Investment Analysis

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You can take your investment strategizing another level deeper with the Investment Analysis tool. This visualization takes your stocks and bonds and breaks them down into nine different categories based on factors like quality and growth potential. These categories are displayed as an easy-to-read grid so you can get a quick and accurate read on what kinds of investments you have.


In order to use the analysis tool properly, it’s important to understand the basic differences between stocks and bonds.

  • Stocks are pieces of a company. When you buy a stock, you literally own a tiny piece of the company that issued the stock. When that company is doing well, the value of your piece of the company generally increases, and you can sell it for more money than you paid, thus bringing in a return. If the company is doing poorly, your piece of the company will generally be worth less, and you may lose money by selling.

    Stocks range in terms of their risk, but they are, in general, considered to be more risky than bonds. However, you shouldn’t forget that in the long run, a diversified portfolio of stocks is very likely to increase in value, which is why they are among the most important investments.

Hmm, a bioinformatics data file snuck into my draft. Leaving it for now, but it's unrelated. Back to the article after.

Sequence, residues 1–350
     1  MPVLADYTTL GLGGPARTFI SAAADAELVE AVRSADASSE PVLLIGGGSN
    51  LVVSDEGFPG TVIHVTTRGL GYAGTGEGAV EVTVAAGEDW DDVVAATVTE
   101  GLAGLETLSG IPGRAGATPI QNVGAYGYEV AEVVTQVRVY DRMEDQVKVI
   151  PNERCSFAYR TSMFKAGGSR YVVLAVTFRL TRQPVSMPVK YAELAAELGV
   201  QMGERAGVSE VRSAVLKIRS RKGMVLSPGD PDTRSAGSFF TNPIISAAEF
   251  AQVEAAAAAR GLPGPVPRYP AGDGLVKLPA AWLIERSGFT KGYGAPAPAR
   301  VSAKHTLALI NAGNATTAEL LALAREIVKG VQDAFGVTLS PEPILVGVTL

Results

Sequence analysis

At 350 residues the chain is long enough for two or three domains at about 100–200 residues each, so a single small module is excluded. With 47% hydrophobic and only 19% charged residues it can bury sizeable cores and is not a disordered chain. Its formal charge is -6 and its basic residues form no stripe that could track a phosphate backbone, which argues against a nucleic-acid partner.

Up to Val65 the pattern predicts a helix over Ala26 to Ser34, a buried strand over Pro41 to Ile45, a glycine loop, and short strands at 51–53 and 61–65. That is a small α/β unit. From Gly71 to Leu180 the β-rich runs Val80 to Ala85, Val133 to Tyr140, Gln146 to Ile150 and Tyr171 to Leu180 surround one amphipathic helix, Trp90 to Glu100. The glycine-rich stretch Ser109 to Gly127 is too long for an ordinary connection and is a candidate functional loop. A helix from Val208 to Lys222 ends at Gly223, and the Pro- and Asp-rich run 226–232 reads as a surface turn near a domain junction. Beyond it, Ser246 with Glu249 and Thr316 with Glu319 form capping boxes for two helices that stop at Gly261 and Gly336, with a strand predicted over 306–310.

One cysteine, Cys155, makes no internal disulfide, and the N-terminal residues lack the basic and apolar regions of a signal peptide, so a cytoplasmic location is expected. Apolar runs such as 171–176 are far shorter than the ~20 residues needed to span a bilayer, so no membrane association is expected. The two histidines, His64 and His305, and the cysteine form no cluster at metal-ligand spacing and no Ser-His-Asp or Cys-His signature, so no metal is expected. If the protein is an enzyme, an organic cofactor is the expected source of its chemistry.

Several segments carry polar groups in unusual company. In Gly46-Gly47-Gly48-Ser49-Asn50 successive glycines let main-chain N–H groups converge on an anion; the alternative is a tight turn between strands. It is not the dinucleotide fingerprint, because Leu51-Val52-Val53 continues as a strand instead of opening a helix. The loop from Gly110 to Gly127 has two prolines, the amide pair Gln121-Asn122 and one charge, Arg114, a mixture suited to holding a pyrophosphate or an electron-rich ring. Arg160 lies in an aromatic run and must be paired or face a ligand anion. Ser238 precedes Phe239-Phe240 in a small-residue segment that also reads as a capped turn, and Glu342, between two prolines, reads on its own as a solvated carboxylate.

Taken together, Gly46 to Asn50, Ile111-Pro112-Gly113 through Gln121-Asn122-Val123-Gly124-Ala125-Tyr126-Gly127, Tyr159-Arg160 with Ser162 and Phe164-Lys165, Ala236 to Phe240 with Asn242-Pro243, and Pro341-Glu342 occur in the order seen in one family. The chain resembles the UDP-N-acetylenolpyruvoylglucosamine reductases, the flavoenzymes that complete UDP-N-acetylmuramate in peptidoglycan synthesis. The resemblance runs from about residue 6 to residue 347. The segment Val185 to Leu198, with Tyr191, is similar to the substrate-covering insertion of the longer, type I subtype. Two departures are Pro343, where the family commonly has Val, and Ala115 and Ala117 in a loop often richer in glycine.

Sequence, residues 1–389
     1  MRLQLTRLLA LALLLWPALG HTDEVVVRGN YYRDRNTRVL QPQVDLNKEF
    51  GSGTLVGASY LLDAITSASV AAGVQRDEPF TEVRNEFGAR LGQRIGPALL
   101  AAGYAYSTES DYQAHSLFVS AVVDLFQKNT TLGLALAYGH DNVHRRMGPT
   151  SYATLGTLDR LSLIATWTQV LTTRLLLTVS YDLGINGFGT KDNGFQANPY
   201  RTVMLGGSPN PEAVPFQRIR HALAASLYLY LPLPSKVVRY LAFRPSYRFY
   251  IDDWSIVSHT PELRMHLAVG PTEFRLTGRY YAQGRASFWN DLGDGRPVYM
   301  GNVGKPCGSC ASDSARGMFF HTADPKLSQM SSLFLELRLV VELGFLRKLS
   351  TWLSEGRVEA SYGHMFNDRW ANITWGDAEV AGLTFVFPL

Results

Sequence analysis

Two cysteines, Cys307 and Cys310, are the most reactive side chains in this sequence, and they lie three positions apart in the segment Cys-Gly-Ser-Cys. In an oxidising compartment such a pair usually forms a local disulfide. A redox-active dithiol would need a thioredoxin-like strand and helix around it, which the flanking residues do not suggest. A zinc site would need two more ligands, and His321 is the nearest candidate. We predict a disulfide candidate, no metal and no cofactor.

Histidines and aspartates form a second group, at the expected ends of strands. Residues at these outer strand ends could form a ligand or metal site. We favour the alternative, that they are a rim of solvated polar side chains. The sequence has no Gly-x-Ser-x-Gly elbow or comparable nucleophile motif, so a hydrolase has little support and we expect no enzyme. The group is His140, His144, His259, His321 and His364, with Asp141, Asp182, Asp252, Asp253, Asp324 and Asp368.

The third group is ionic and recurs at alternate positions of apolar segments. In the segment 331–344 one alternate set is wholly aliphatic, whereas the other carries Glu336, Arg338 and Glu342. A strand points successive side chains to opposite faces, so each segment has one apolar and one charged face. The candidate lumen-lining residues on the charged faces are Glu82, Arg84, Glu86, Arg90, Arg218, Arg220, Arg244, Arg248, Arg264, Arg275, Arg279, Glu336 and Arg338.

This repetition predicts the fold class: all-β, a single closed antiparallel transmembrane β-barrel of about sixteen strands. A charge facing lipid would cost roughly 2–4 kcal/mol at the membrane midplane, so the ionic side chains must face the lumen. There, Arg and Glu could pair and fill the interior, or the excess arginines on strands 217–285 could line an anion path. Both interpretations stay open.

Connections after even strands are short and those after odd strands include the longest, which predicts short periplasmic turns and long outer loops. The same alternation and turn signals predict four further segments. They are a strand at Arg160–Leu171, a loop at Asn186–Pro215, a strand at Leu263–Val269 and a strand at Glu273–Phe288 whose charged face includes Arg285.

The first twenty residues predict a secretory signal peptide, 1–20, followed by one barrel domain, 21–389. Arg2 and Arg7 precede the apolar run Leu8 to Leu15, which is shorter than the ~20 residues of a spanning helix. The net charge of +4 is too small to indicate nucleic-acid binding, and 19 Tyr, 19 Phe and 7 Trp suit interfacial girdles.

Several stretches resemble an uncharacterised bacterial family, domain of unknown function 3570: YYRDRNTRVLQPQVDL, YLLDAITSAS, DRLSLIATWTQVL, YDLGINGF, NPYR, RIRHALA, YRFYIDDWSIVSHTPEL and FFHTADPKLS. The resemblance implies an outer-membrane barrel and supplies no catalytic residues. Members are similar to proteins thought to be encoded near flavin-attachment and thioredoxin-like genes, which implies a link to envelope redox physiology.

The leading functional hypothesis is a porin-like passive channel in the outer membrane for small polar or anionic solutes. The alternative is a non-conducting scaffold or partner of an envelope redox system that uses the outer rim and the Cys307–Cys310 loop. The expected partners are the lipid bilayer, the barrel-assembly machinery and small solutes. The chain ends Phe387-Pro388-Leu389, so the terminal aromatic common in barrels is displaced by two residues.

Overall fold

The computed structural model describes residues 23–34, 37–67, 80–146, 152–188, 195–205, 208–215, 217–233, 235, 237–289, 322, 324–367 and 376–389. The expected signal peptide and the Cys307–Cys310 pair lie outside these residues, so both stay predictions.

• Bonds are not like stocks: bonds are like an I.O.U. When you buy a bond, you are essentially loaning someone your money (often a government, but also companies) with the promise that they will pay it all back, plus interest. You could get that interest in a yearly or even quarterly payment, or in one lump sum when the bond matures. When a bond matures, you get all your money back; some bonds may also pay interest at maturity, rather than yearly.

    Bonds are generally considered to be safer than stocks because of their long-term nature, but they may not bring in the same high returns. Bonds are generally predictable and steady. Because they return a specified interest, they are often referred to as “fixed-income” investments. Though there is always a small chance that a bankruptcy or default will happen, this is unlikely, especially with high-quality, long-duration bonds.

To learn more about the Stocks analysis tool, click here.

To learn more about the Bonds analysis tool, click here.

Disclaimer: The functionality of this software varies depending on which financial institution you use. Not all content in this guide will apply to your MoneyMap experience.

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